What was clearly established in this article was that there exists an organized effort to change the antipathy to homosexuality of the Ethiopian public and to influence the decriminalization of the act in the nation.
They write “We are working day and night for the license and acknowledgment from the Ethiopian Government but their response was discouraging… As a steering committee we are responsible for generating a storm of publicity… But, there is no way to accomplish this… Recently we have started some grassroots activities for the acknowledgment, understanding and legalization of sexual freedom of gays and lesbians in Ethiopia.”
A great majority of the upwards of 200 comments on this post reflected the great sensitivity to this issue for most Ethiopians. Many resorted to outright insults and threats while others expressed their disgust and shame at the idea of such goings on in the Ethiopian community with various degrees of anger.
One comment made by “Legesse from South Africa’ summarizes the sentiments behind the virulence in relatively polite language.
“I don’t think it is right to see gays and lesbians in my country. It is completely wrong; I don’t support those gay people. They must be free from their bad behavior if they want to live in our country. Otherwise they must be punished for their bad acting.”
A DVD produced by ‘United for Life Ethiopia’, ‘Homosexuality Natural Phenomenon or Psychological Imbalance’ following in depth research into the issue reveals that homosexuality is a concerning issue in our society. Various media reports indicate the increase in gay sexual assault on children and young people, with approximately 300 such rapes annually. Most of these cases are rarely brought to court and those that do get away with the minimum sentence.
In an interview for the DVD, Ato Seifu Hagos summarized his findings which is featured in a publication of the Ethiopian Public Health Association. His research discovered that homosexuals in Addis Ababa congregate in gay owned bars and cafes as well as designated streets. He says that homosexuals are not an external entity to our society but very much a part of it. According to Ato Seifu foreign travelers to Ethiopia exacerbate the issue. The sex tourism that is increasingly besetting our nation has also extended to gay sex. Young people are enticed by the foreign currency that is offered for their services and easily join the ranks of male sex workers.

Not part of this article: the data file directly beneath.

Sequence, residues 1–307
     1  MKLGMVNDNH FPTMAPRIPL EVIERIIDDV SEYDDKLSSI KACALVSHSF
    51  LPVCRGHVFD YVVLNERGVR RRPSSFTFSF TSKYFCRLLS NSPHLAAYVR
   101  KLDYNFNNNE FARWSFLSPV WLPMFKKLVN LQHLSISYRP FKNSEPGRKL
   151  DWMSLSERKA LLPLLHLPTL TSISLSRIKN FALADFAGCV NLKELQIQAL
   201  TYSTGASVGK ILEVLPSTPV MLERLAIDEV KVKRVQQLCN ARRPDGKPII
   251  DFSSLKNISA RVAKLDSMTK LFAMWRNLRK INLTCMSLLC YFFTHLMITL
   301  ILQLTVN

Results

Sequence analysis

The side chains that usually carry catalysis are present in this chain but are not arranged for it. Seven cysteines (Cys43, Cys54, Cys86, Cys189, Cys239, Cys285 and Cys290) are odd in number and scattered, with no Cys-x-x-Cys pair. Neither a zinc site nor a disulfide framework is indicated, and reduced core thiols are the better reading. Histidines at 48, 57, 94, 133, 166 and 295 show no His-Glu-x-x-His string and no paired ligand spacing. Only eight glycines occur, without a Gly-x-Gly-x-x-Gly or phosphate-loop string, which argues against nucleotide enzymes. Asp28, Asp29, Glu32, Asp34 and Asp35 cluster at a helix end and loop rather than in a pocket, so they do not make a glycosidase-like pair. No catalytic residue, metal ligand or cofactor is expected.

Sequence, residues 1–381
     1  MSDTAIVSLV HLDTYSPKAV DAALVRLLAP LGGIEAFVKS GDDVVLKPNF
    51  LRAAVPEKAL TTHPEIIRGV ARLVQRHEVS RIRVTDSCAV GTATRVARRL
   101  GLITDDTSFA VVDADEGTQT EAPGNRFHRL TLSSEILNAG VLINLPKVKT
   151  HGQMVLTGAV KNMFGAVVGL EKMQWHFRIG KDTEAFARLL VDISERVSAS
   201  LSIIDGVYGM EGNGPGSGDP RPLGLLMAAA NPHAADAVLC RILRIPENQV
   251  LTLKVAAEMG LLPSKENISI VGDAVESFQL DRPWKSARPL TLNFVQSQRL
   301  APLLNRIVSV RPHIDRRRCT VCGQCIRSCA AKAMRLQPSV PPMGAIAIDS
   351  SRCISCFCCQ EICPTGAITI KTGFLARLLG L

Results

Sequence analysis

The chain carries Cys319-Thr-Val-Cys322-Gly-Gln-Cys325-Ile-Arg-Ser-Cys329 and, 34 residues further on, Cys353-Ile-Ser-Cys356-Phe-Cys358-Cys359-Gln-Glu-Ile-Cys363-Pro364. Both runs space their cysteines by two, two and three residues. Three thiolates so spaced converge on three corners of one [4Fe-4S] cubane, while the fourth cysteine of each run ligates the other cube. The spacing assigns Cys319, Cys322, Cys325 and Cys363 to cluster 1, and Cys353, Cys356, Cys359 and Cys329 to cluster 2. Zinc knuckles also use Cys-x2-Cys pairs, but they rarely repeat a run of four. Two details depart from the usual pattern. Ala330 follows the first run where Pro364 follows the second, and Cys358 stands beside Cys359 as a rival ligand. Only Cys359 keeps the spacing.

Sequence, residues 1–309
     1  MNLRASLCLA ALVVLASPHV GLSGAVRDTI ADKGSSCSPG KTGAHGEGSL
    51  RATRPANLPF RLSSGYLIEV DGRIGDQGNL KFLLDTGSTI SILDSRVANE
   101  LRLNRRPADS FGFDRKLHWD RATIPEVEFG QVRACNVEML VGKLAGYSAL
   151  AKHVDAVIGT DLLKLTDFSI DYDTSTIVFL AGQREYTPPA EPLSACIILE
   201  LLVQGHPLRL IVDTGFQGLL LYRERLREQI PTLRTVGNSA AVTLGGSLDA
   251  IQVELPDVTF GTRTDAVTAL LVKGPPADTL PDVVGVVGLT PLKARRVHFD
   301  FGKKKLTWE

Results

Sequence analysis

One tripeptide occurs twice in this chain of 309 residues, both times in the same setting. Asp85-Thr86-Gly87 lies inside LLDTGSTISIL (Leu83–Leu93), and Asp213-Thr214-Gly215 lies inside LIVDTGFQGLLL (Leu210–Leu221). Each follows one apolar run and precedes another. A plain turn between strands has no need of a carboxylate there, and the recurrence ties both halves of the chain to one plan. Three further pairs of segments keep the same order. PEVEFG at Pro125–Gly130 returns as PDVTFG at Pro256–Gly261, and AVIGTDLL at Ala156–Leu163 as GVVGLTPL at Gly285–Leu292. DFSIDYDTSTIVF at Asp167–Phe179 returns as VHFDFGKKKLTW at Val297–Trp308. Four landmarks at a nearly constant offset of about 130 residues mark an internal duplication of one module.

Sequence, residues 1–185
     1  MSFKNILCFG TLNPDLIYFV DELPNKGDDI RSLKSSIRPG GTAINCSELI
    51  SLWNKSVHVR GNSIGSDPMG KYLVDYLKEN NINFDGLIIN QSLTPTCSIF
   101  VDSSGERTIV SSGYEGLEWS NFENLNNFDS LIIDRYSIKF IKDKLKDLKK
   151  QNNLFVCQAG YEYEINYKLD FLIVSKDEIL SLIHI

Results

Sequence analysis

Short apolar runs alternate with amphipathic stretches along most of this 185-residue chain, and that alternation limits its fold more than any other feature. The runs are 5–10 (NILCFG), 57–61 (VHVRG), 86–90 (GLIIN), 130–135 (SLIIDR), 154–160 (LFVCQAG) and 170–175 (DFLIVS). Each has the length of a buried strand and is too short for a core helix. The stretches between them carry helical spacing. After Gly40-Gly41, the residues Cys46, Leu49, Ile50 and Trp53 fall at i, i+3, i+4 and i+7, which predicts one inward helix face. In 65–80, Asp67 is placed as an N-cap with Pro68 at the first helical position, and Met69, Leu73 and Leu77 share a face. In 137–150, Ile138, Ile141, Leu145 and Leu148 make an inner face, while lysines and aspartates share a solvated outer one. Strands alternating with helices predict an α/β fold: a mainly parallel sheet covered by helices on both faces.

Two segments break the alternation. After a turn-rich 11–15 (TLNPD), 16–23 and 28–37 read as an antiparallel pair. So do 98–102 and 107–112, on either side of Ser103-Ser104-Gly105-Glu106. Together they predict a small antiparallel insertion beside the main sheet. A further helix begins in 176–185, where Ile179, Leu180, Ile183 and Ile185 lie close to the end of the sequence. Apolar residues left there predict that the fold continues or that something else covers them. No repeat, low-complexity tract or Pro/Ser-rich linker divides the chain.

One website Ethiopiangay.com caters to gay dating in Ethiopia. The personals type ads on this website make the wishes of the members clear, and utilize email as contact information. Here are a few of the least offensive ads I found: “Coming to Addis Ababa will stay at the Sheraton”, “Coming to Addis: Need young slim man.” “Daddy cool: Can be cool daddy for cute boy in Addis”
‘United for life Ethiopia’ and the clerics from the various faiths in Ethiopia made a clear call for the Ethiopian government to actively protect the culture and traditions of the Ethiopian people. Although the Ethiopian constitution accepts international human rights it acknowledges that these can be limited by national peace and security, public health, education and societal mores and traditions. This clear recognition of social moral identity means that the Ethiopian government is constitutionally obligated to protect and serve the cultural, religious and traditional character of the nation.
In closing, I would like to extend my thanks to Dr. Seyoum, United for Life Ethiopia, for providing some information on this topic.
Meron Tekleberhan is Addis Ababa based reporter for Ezega.com. She can be reached by sending email through this form.